Jan. 30 (Bloomberg) -- Colombia’s peso bonds fell, pushing yields on benchmark securities to increase for a third day, after the central bank unexpectedly raised interest rates.
The seven-member board, led by bank chief Jose Dario Uribe, increased the overnight interest rate by 25 basis points, or 0.25 percentage point, to 5 percent, surprising all except one of 32 economists surveyed by Bloomberg. Thirty-one analysts forecast no change.
The yield on Colombia’s benchmark 10 percent bonds due in July 2024 rose four basis points to 7.38 percent, according to the stock exchange. The bond’s price fell 0.411 centavo to 120.775 centavos per peso.
“A very surprising decision,” Italo Lombardi, a Latin American economist and strategist from Standard Chartered, wrote in a note to clients. “Not only has the external picture deteriorated significantly, but the peso has rallied more than 6 percent over the last month, which could improve the inflation outlook significantly.”
Bank lending continues to grow at “high” levels, housing prices remain at record highs and inflation expectations have risen, Banco de la Republica said in its statement.
“The latest information suggests that in the fourth quarter the Colombian economy continued to show strong momentum,” policy makers said in the statement.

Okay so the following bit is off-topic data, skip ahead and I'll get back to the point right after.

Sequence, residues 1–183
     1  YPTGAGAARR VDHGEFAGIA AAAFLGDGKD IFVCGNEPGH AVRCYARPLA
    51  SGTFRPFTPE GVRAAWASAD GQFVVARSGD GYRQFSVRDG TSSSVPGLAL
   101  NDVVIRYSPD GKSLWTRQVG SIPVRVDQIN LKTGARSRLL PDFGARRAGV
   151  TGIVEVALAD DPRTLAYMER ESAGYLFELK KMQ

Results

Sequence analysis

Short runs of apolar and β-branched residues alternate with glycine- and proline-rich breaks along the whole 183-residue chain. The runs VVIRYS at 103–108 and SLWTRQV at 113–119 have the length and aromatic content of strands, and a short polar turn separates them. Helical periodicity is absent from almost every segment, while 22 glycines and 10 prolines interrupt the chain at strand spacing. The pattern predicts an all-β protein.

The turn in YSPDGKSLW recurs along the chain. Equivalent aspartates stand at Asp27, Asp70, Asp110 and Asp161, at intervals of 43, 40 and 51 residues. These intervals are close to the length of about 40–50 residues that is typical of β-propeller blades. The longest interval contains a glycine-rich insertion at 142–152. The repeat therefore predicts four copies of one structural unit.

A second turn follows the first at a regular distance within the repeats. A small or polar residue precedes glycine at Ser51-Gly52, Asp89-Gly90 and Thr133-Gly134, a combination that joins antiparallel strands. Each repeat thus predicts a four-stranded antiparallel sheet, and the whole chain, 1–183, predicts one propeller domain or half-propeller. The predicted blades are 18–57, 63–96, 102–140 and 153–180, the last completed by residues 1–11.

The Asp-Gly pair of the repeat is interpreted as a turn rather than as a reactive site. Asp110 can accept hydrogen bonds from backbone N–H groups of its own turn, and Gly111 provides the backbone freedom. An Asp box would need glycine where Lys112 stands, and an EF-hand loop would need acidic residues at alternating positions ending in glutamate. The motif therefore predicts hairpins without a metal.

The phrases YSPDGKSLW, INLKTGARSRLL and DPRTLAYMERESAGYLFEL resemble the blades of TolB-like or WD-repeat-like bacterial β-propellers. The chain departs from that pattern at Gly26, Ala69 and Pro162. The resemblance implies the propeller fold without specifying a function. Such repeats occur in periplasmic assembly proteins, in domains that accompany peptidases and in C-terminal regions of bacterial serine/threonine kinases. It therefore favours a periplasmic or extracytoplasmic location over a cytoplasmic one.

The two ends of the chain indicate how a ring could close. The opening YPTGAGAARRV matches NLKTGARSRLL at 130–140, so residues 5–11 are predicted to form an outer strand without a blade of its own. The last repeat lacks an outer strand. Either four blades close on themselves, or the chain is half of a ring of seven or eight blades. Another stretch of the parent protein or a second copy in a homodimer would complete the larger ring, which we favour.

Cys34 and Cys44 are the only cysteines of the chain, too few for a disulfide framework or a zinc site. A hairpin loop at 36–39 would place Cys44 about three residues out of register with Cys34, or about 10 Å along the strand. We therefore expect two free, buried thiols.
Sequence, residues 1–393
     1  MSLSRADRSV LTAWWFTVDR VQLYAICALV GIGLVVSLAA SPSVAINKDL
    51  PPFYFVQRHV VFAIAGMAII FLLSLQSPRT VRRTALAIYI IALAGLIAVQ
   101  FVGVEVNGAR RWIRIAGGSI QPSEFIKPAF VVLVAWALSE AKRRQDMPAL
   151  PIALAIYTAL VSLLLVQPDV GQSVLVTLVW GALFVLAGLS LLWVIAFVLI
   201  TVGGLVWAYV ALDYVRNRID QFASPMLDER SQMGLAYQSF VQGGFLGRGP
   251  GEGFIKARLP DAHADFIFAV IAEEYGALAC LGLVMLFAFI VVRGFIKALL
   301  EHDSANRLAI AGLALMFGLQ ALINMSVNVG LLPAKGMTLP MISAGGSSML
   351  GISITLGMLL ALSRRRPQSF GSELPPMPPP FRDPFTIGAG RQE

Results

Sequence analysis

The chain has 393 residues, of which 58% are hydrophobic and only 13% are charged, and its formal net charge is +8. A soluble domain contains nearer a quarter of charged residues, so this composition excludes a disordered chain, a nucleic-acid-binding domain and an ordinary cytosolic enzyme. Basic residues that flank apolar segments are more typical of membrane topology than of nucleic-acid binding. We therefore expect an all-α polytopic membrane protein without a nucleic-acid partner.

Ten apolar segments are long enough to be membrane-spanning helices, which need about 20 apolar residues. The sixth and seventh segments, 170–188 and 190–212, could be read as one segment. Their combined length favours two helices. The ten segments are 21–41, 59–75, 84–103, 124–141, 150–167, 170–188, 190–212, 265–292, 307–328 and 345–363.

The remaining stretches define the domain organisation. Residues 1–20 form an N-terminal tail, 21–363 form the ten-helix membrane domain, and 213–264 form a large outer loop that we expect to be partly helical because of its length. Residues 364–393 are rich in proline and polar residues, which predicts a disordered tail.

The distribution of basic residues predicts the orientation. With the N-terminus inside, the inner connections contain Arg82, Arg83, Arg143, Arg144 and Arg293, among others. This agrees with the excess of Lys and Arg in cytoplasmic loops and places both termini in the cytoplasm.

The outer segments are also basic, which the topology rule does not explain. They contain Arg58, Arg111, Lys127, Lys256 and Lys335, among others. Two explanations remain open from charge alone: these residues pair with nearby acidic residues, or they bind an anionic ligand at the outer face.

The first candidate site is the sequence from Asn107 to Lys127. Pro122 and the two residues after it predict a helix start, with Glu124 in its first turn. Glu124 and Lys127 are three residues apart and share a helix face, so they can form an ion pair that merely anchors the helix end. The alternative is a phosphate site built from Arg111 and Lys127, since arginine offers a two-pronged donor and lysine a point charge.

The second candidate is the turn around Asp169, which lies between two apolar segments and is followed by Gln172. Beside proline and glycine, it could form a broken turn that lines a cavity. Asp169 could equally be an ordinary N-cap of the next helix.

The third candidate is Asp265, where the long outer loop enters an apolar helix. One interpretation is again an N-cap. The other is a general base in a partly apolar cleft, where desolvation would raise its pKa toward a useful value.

Colombia’s economy probably grew more than 5.5 percent in 2011 and may grow between 4 percent and 6 percent this year, the central bank said.
The move follows a 25-basis-point increase in November, when policy makers cited the need to bolster credibility amid rising inflation expectations. Colombia’s rate increases are in contrast to cuts in emerging markets worldwide. Brazil, Chile, Russia, the Philippines, Israel, Romania, Moldova, and Mauritius all reduced benchmark lending rates within the past two months amid concerns Europe’s debt crisis will derail global growth.
Agriculture Minister Juan Camilo Restrepo last week asked the central bank not to “add fuel to the fire” by raising interest rates further as the peso’s rally has “strongly” hurt coffee, flower and banana exporters.
The peso fell 0.6 percent to 1,817.75 per U.S. dollar, from 1,807.03 on Jan. 27, the biggest decline on a closing basis since Dec. 28. The currency market closed before Banco de la Republica’s rate announcement.
The peso has jumped 6.6 percent this year, the fourth-best performer after the Hungarian forint, Brazilian real and the Mexican peso among a basket of 25 emerging-market currencies tracked by Bloomberg.
Finance Minister Juan Carlos Echeverry, who is also president of the central bank’s board, said the government won’t bring any dollars into Colombia for financing, including $1 billion in dividends from state oil company Ecopetrol SA.
--With assistance from Blake Schmidt in Bogota. Editors: Brendan Walsh, Glenn J. Kalinoski
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